PerspectiveMaterials Science

Designing tougher elastomers with ionomers

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Science  27 Oct 2017:
Vol. 358, Issue 6362, pp. 449-450
DOI: 10.1126/science.aap8114

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Summary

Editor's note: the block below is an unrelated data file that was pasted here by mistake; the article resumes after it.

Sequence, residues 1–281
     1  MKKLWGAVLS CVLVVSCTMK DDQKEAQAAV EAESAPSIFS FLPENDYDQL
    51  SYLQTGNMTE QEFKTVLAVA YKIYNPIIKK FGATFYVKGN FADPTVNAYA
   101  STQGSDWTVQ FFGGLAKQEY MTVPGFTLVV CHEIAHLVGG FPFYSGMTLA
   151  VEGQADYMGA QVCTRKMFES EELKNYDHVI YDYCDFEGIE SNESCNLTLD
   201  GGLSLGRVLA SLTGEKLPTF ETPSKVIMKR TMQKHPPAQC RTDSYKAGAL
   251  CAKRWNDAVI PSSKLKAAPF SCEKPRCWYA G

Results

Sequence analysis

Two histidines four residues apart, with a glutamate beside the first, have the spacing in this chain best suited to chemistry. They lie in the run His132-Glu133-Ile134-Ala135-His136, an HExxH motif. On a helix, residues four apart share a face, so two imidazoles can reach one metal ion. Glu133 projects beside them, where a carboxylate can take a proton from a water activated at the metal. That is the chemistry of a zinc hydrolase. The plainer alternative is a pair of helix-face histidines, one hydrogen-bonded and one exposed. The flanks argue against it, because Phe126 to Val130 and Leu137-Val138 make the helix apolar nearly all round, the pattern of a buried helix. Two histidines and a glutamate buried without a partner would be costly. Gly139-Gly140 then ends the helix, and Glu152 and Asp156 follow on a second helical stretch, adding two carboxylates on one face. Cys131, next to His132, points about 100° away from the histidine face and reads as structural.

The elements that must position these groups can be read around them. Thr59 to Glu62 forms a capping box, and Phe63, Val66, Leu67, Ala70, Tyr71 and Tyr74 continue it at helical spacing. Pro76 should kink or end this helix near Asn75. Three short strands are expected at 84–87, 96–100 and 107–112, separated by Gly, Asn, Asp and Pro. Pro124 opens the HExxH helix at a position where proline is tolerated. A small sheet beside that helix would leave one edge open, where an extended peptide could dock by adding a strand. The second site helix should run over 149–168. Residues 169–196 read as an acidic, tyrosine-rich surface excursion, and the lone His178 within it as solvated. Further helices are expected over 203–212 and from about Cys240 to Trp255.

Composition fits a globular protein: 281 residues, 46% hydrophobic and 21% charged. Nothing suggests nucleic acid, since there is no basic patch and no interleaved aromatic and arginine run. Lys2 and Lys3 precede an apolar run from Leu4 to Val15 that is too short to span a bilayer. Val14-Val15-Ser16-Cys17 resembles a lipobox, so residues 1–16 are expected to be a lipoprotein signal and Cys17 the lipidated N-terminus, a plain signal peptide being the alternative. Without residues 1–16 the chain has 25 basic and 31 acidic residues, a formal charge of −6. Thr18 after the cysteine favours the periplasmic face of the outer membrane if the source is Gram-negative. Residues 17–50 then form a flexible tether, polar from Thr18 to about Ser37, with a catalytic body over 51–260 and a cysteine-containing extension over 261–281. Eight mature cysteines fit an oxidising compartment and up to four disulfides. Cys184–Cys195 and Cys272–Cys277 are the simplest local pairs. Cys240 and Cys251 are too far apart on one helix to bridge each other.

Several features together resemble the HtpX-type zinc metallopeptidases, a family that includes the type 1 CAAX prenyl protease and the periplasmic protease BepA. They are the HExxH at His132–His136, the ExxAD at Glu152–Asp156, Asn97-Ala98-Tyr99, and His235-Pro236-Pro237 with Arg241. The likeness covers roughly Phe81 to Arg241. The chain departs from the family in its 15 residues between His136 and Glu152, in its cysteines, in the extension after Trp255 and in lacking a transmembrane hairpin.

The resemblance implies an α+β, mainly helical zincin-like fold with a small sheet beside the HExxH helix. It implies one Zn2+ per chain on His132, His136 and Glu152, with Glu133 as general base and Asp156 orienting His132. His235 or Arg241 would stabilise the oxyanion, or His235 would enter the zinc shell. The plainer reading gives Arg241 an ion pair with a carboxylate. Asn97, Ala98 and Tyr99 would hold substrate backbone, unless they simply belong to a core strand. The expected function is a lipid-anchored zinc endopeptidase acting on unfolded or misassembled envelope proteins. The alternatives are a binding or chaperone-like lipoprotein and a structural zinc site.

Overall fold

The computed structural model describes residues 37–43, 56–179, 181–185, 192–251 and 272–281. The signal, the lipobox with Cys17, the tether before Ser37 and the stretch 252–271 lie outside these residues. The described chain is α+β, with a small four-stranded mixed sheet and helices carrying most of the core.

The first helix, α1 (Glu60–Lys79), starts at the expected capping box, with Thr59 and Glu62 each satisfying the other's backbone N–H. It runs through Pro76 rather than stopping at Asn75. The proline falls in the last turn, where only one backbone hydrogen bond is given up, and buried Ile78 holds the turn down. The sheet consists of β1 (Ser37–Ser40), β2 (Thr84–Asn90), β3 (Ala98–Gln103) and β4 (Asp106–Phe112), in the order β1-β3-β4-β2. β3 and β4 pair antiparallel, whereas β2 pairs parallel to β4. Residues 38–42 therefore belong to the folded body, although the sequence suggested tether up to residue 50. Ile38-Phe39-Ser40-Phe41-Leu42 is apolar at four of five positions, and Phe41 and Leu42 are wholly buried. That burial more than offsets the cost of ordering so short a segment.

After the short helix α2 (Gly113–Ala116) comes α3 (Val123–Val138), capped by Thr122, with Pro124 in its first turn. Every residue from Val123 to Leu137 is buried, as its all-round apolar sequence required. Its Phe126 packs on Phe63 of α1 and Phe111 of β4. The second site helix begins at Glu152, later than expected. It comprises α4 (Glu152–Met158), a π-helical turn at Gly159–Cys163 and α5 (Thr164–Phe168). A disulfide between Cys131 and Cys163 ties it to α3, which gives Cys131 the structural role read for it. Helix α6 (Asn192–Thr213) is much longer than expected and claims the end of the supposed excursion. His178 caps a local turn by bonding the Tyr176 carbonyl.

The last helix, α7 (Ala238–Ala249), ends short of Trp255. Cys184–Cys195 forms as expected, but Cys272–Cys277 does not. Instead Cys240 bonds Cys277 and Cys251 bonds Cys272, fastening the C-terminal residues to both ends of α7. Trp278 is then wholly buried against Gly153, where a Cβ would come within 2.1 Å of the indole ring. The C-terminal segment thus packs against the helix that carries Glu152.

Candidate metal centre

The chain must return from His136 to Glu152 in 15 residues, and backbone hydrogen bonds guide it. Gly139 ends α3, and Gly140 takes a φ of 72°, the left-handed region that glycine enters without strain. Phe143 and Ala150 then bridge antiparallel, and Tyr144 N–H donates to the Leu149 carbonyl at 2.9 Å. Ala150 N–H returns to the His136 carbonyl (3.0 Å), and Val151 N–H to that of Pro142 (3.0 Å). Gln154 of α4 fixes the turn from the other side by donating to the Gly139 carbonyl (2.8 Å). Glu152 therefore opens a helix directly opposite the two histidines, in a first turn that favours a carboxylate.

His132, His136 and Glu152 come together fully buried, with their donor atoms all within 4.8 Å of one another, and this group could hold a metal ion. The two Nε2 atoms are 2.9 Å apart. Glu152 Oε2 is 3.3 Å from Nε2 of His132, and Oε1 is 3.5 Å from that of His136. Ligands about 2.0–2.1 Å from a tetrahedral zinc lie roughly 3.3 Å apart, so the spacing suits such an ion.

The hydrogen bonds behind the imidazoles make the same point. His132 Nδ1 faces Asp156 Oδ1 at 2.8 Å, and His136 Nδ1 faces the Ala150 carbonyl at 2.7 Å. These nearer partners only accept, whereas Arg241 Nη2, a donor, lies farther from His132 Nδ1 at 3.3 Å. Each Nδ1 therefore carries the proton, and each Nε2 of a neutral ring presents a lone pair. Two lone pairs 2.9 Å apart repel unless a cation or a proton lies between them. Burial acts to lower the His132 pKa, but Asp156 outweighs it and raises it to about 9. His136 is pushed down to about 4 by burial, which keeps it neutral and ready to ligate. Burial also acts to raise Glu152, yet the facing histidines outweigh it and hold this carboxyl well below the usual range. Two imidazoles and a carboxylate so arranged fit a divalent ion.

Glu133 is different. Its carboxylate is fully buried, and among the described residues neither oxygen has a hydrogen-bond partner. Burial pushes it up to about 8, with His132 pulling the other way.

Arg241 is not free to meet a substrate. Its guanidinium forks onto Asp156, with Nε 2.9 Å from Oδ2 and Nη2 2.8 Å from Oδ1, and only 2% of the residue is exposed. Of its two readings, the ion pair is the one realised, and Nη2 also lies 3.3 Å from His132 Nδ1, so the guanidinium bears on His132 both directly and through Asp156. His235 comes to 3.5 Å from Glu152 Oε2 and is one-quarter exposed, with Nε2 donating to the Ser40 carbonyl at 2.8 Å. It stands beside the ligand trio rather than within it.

Elastomers, such as a rubber band, undergo large deformations at low stresses, and when the stress is released, return to their original shape. For a material to have this response, it must have sufficient molecular mobility to allow the polymer conformations to be distorted by the applied stress, and covalent cross-links between the polymers to prevent flow and provide the restoring force. Increasing the stiffness of elastomers, particularly by increasing the cross-link density, typically comes at the expense of toughness (the ability to absorb energy without fracturing), because shorter polymer strands between cross-links have limited conformational flexibility. On page 502 of this issue, Filippidi et al. (1) have devised a versatile synthetic scheme based on the iron-catechol complexes found in mussels and used these ionic interactions to simultaneously strengthen as well as toughen an elastomer. There are many compelling reasons to control the mechanical properties of networks and gels, perhaps none more so than the role of mechanical properties in cell and tissue development (2).